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18th October 2017

Nathan Montague on Running the Gobi

My ultra trip so China was everything it promised to be and more. The preparation for a 400km (250 mile) race is as gruelling as the race itself.

Everything about this journey was big, from the preparation, the travel, the organisation, to every step of the race itself, which I saw as the final segment.

China is magnificent. But to talk about China generally would be offensive to the sheer enormity, diversity and generosity this country personally and physically offered me. I was delighted to be invited back to compete in this epic race. It's a journey along the ancient Silk Road, linking east to west in trade, which this race epitomised with its select but very competitive elite field combining athletes from all over the world.

With every ultra race the preparation - starting with your training, your nutrition and then equipment to a lesser or greater extent - is large. But venturing into the relative unknown of a 400km race across inhospitable terrain in a harsh environment that batters you with knife-edged winds and temperatures ranging between -15 and 35 degrees, then chuck in some self-navigation, mandatory equipment and a plethora of other variables, and you begin to realise the enormity of the task ahead.



I tend to compartmentalise my preparation, beginning with my training and nutrition and then moving onto the other factors. If I didn't, I would become psyched out before I start. There are certain things that are constant and easy. Core to every race:

  • My shoes: Skecher G0Trail Ultra
  • My socks: Wigwam TrailTrax
  • My shorts: X Bionic summerlight shorts
  • My base layer: Team Beta Running Craft top

These constants removed one variable. It's basic equipment, but vital. This can make or break your race. One simple blister, one little bit of chaffing, can go out control and ruin your race. Personally, I think I was more stressed out organising myself for this journey than the race itself, including the training. But my mind was set. Disappointingly, I wasn’t able to make the start line last year but I was fortunate enough to be invited this year to begin this journey again and, despite big races in the interim, including another England international at 100km, this was to be my A race in the long term.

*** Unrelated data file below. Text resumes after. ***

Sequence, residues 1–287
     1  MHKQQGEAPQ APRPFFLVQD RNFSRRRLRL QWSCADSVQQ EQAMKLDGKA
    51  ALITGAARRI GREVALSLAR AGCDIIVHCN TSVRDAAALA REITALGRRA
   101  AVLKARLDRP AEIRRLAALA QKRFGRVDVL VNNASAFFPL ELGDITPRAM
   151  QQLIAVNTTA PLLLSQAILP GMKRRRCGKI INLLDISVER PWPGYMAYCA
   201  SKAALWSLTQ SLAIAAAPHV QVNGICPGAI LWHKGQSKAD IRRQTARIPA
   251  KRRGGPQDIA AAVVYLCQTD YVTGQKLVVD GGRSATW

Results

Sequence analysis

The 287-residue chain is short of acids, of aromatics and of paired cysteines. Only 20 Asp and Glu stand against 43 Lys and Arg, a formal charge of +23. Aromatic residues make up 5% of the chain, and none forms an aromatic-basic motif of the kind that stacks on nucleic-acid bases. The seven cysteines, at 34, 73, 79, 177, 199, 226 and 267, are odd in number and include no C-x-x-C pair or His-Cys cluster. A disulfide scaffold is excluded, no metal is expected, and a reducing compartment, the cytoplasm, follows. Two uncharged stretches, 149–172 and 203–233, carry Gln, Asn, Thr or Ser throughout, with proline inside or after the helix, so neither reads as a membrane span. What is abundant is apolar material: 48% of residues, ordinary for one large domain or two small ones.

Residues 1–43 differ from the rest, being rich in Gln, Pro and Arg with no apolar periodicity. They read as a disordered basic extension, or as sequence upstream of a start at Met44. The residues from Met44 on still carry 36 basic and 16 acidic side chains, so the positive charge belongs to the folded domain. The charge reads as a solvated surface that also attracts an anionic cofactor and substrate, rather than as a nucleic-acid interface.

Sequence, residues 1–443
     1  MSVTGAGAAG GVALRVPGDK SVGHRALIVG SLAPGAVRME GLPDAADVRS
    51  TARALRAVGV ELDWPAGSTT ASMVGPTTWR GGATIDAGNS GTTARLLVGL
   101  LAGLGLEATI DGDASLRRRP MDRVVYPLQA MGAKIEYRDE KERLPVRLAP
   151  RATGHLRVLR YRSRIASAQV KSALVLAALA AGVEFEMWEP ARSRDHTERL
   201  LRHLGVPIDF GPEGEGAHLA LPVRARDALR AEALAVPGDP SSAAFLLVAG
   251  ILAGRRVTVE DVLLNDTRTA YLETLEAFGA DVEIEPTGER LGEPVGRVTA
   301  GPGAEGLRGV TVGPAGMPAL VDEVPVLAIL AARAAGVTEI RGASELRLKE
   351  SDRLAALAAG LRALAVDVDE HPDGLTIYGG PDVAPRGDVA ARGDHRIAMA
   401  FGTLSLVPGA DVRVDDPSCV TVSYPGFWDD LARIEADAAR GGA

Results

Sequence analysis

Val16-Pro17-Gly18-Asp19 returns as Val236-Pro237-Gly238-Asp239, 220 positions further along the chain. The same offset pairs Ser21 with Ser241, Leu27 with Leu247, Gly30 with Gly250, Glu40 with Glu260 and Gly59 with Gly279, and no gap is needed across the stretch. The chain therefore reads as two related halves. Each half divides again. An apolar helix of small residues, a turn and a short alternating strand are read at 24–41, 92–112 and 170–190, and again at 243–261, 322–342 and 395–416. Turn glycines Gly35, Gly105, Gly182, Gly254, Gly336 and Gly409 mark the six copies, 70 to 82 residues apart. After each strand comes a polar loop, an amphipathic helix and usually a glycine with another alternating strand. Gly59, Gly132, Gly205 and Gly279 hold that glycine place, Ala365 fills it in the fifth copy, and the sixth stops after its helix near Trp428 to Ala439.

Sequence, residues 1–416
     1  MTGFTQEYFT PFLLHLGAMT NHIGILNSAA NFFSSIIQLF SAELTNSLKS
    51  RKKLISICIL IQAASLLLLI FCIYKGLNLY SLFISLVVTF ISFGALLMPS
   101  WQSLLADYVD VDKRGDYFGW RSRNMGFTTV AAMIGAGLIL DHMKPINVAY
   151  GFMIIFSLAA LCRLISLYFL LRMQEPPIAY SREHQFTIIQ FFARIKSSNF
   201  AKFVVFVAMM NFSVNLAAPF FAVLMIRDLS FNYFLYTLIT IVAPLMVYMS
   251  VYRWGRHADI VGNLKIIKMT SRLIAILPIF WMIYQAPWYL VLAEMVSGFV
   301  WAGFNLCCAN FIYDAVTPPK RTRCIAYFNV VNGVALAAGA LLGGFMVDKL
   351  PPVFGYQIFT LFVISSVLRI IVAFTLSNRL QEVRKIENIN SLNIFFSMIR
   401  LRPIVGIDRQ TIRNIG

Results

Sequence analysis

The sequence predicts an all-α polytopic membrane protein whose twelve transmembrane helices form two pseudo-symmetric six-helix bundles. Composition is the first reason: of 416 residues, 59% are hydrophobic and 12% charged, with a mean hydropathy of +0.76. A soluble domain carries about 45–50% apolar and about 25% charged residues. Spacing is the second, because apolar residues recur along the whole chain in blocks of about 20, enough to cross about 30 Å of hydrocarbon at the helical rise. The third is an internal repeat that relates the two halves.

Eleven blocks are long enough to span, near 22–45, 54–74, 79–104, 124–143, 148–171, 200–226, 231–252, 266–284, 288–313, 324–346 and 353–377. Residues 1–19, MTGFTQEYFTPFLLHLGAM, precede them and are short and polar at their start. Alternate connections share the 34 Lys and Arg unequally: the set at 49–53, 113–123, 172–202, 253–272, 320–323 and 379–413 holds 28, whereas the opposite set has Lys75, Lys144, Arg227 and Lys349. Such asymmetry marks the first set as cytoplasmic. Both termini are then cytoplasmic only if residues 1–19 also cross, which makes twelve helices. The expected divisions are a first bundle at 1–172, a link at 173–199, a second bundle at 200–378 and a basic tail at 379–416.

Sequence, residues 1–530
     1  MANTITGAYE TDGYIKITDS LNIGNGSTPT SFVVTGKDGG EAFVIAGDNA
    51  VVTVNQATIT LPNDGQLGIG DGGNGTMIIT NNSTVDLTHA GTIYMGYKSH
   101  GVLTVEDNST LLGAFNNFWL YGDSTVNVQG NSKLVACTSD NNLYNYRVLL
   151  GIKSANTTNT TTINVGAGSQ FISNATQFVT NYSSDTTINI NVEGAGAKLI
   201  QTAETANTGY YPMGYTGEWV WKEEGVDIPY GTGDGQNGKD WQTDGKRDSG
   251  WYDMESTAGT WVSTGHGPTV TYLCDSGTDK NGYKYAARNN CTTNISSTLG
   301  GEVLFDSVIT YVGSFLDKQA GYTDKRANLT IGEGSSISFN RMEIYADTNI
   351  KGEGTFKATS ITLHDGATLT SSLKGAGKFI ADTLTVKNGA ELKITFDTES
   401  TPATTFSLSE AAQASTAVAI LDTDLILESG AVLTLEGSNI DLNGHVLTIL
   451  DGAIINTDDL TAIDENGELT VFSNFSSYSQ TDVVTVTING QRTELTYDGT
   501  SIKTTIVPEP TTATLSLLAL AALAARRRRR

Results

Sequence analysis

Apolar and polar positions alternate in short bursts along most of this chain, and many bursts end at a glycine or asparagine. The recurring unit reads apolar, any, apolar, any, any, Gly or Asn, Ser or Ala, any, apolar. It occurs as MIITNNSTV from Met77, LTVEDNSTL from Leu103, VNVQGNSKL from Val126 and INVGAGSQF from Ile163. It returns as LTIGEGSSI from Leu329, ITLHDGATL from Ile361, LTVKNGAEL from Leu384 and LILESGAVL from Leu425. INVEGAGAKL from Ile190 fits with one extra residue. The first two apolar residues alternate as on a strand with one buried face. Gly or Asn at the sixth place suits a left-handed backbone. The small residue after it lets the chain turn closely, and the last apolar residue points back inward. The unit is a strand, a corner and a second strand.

The training phases in preparation were not perfect but there were some highlights against some significant lows. A course record on the XNRG Round the Island 70-miler against the back drop of two withdrawals due to illness led to some uncertainty. However, my final phase of training and testing was positive and frankly enjoyable. As I got over the final hurdle of my equipment and kit preparation, I boarded the plane to China with excitement but trepidation of the epic challenge ahead. I had several nutrition plans and also Gold, Silver and Bronze targets for the race itself.

'All of my targets for this race were intrinsic'

One can be drawn into extrinsic targets for normal races but in a race of this magnitude with so many uncertainties, setting extrinsic goals based on time and position would be self-sacrificing, and almost a set up for failure. The only competition you have in a race like this is yourself. If that can be measured, tempered and conquered then everything else will fall into place. One of the best pieces of advice I was given in preparation for the race, was that the journey doesn’t start until the final 100km - maybe even later. I took this into my heart and head and set about three main targets:

Bronze: Reach the finish line

Significantly, we were invited to forward a finish line song to be heard on our arrival at the line - an incentive in itself. My choice: Homecoming by Kanye West feat. Chris Martin. I love the song anyway as it's on my pre-race playlist but hadn’t realised its name until searching for a song. It was made for finishing, IF I made it there. On another level we were gifted half a Tiger Tally, the other half to be given and in presentation WHEN we made the finish line.

Silver: To stay in control as long as possible.

As long as I was in control I was able to make the decisions for myself and not have them forced upon me, either through pace, nutrition or rest.

Gold: To be competitive.

If the other goals fell into place, mentally and physically, I was confident I could be competitive to some degree. I hoped my natural tactical nous and experience would help me be competitive in the overall standings. But I needed to control the controllables.

The race itself was special: 400km (412.9km to be precise) that started with the route master Xuanzang - a Buddhist Linguist who left for India 14 centuries ago along the Silk Road to bring back Sutras for translation. While I hoped my journey wouldn’t take the 17 years he took, it was an adventure into the unknown where sleep deprivation, extreme mental and physical fatigue, and unpredictable environment and navigation were just some of the variables to contend with.

'We were sent on our way with a rapturous roar, fireworks and the beating of giant drums'